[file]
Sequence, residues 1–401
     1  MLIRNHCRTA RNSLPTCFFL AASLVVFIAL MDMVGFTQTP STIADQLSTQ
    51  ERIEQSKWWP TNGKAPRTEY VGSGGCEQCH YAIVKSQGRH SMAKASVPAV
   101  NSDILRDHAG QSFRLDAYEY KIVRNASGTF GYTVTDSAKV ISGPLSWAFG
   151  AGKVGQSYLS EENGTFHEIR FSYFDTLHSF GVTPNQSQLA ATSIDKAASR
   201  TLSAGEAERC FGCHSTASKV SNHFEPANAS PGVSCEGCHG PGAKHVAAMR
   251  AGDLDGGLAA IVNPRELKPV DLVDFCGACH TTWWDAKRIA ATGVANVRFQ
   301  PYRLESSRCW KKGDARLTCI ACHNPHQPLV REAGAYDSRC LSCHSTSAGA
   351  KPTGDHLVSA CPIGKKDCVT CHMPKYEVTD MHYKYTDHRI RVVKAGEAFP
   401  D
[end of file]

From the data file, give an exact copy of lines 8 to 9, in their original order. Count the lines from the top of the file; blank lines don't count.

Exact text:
   301  PYRLESSRCW KKGDARLTCI ACHNPHQPLV REAGAYDSRC LSCHSTSAGA
   351  KPTGDHLVSA CPIGKKDCVT CHMPKYEVTD MHYKYTDHRI RVVKAGEAFP